The easiest people to blame are:
- Those who are bigger than we are and
- Those with whom we don’t have a close relationship.
As you can expect, the bigger someone is, the easier they are to blame.
- Governments. The bigger the political level, the worse they are.
- Big banks, credit cards, Wall Street.
- School systems, Boards of Education, Superintendents, school administration and staff.
- Hospitals, Healthcare providers, insurance companies, drug companies, doctors.
- TV shows, movies, musical artists, celebrities, news media.
I wouldn’t dare suggest these always display responsibility. The bigger the stage, the greater the responsibility (Luke 12:48). They’ll be held accountable for how they’ve occupied the world through their large influence. Which means our finger-pointing is ultimately pointless.
The other group whom it’s easy to blame is composed of those with whom we are not very close.
To test this, did you object to any of the groups I mentioned above?
If you are an educator, because of your personal passions, relationships with other educators, and your view “behind the scenes,” you may object that any overall scholastic shortcomings are the fault of the system.
If you work in the healthcare industry as a nurse, doctor, or sales rep, you may be slower to gripe about your industries’ shortcomings.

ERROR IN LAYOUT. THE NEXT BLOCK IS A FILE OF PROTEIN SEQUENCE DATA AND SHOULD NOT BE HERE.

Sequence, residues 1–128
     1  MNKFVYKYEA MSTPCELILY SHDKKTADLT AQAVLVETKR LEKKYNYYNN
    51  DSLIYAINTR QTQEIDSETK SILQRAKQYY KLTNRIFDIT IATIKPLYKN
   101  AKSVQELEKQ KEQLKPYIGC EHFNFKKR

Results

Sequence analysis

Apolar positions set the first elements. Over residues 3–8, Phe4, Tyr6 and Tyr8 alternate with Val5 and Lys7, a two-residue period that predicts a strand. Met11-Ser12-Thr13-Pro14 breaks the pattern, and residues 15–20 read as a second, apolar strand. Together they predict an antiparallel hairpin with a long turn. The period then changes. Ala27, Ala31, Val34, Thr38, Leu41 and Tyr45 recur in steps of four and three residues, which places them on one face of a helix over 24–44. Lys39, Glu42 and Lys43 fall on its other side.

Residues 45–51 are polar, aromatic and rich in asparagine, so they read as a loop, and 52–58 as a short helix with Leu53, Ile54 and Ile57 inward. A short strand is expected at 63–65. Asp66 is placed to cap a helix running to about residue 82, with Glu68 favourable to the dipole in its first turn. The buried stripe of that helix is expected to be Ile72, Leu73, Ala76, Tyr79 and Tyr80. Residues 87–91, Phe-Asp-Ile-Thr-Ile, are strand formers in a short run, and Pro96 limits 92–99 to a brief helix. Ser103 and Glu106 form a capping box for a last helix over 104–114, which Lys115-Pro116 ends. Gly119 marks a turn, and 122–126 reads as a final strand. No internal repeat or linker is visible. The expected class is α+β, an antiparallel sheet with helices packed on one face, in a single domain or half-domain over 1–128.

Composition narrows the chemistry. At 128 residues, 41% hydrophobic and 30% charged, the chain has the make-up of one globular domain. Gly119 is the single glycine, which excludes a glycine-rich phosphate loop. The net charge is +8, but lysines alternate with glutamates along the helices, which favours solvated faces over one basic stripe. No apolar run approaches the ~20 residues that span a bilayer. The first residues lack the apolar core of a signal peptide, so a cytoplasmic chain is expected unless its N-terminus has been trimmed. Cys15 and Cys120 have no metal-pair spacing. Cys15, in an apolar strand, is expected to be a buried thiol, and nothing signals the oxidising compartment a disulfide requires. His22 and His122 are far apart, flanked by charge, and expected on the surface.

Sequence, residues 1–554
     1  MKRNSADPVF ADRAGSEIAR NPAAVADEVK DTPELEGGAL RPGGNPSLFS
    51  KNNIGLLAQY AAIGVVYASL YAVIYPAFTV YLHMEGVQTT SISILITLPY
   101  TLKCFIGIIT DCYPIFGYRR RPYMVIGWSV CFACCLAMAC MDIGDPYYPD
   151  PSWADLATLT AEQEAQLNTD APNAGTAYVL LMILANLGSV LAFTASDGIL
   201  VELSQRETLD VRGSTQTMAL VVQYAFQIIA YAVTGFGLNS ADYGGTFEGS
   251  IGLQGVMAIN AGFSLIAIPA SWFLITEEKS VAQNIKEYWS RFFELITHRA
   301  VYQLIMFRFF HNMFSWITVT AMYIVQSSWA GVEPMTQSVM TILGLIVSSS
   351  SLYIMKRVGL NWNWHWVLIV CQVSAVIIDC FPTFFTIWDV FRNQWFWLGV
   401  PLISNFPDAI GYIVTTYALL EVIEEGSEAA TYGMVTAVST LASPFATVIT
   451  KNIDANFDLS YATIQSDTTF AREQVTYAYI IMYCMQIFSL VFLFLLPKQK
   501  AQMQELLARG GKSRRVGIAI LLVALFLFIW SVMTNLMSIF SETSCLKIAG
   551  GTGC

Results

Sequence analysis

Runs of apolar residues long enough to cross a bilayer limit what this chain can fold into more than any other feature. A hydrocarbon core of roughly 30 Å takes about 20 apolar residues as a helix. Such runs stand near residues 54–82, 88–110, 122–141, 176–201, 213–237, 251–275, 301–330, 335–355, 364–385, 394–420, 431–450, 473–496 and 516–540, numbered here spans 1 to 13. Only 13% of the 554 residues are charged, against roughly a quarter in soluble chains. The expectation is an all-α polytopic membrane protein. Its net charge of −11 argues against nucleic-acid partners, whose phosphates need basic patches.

How many spouses in close-knit, intimate, and trusting marriages frequently blame each other? It’s hard to play the “blame game” within a thriving relationship.
What does all this mean?
There’s no one bigger than God. So it’s easy to see why so much blame can be cast his way (James 1:13-15). Whether it’s for natural disasters, a cancer diagnosis, the sudden loss of a loved one, or the rock-bottom crash of irresponsibility, it’s easy to pin our trials on God because there’s no one bigger. There’s nothing we can do to change God’s “bigness” (Psalm 139:7-12). From day one, he’s forever been the Creator, Provider, and Loving Judge.
But we can close the loophole of blame by drawing closer to him daily (Hebrews 10:22; James 4:8). The more intimate we become with his heart and mind, by staying in his word and talking to him in prayer, the more we see his infinite wisdom, mercy, love, and compassion. We won’t allow ourselves to blame him because we recognize his complete perfection.
Constantly drawing near to him forces us to see that He Himself has done everything possible to win us back (John 3:16; Hebrews 7:25). The only way we blame God because He seems far away is because we’ve distanced ourselves from His love and provision.
Blame is useless at best and destructive and debilitating to personal responsibility at worst. There are a multitude of practical reasons to eliminate it from our hearts and tongues. As we continue pruning, we must draw near to God daily to remind ourselves that He’s in control. And thus, we have nothing to blame.